Steroid use has been a serious problem in professional sports for many years now. Famous baseball players, Olympic athletes, pro wrestlers and many others have been caught using performance enhancing substances. Concern over the practice has come from fearful parents, officials from various sports leagues worried about their games' reputations, and even the United States Congress, because they have nothing more pressing to deal with.

As result of the frenzy, the World Anti-Doping Agency (WADA) has developed a relatively new measure called the biological passport designed to detect steroid use. The electronic record profiles several biomarkers which can reveal if athletes have been using drugs over a period time to improve their performances. Unlike previous drug tests, the biological passport does not directly measure substance use at one point in time.

WADA says they are confident in this new approach because it makes maintaining a drug regiment in secret far more difficult. The benefit, as Scientific American puts it, is that the test "allows investigators to see the big picture—any deviations from the rider's test-established norm that might result from doping, even if the specific drug or tactic remains unknown."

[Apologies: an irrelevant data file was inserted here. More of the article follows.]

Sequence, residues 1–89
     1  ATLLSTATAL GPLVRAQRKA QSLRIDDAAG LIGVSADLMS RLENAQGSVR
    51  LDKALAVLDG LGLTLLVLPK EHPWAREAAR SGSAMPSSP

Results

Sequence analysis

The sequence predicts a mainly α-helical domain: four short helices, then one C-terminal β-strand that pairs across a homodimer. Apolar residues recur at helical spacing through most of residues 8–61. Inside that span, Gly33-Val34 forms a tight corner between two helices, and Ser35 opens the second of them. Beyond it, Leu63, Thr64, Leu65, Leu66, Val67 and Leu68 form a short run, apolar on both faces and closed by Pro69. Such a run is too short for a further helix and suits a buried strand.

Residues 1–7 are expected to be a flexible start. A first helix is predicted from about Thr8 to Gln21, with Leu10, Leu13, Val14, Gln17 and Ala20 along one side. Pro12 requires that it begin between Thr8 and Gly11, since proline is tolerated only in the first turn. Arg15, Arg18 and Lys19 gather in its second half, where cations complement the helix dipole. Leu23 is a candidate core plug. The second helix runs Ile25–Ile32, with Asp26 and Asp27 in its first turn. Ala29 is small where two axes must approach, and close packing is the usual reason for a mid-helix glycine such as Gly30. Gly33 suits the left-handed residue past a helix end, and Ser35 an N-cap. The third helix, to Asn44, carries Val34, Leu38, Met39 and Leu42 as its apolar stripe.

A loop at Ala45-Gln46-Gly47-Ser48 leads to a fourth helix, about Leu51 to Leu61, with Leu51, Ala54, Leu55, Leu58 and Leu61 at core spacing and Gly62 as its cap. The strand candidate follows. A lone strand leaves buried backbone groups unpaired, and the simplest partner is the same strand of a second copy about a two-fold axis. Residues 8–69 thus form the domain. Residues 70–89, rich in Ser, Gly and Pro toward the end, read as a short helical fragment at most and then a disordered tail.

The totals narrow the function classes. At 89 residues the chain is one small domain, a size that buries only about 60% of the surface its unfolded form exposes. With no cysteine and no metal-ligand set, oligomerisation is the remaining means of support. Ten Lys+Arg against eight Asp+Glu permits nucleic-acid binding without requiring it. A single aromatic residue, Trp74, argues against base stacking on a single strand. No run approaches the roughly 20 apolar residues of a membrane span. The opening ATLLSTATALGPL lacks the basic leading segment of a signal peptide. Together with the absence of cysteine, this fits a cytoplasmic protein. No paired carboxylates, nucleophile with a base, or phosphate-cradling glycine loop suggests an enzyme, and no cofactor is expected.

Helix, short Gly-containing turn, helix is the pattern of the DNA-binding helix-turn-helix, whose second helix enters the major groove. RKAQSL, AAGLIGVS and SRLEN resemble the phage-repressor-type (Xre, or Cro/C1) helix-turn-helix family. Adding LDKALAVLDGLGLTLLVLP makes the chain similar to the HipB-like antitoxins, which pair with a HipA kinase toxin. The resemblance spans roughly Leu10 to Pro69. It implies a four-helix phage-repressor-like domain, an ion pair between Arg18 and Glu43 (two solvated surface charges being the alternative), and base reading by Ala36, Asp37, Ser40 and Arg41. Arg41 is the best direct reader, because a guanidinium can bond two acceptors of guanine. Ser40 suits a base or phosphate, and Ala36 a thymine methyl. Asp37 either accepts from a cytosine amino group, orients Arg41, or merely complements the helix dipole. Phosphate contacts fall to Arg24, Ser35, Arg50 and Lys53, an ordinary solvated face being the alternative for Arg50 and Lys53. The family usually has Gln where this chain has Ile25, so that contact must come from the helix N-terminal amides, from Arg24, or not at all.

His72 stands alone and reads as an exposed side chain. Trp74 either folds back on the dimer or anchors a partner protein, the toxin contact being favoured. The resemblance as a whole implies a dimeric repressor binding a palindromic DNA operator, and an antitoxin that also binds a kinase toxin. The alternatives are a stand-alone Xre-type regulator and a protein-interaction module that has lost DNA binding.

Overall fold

In 2008, the International Cycling Union (UCI), the governing body for professional cycling became the first organization to introduced biological passports for professional riders. Just last week, the new test helped UCI officials snag four cyclists, and earlier this year 23 others were also caught thanks to the passports. No other professional sports leagues have enacted the new testing yet, but cross-country skiing, speed skating, swimming and track and field may soon mandate that their athletes use biological passports.

While they may represent an improvement in drug testing, the passports are not unbeatable. Athletes who are determined to use performance enhancing drugs also probably do not want to be found out and will take precautions to avoid detection.

The consensus of regulators and scientists who will have to evaluate athletes passports appears to be that the tests serve as one part of the effort to rid sports of doping. Far more simple measures will be important as well, such as investigating what baseball players and cyclists are buying on the internet.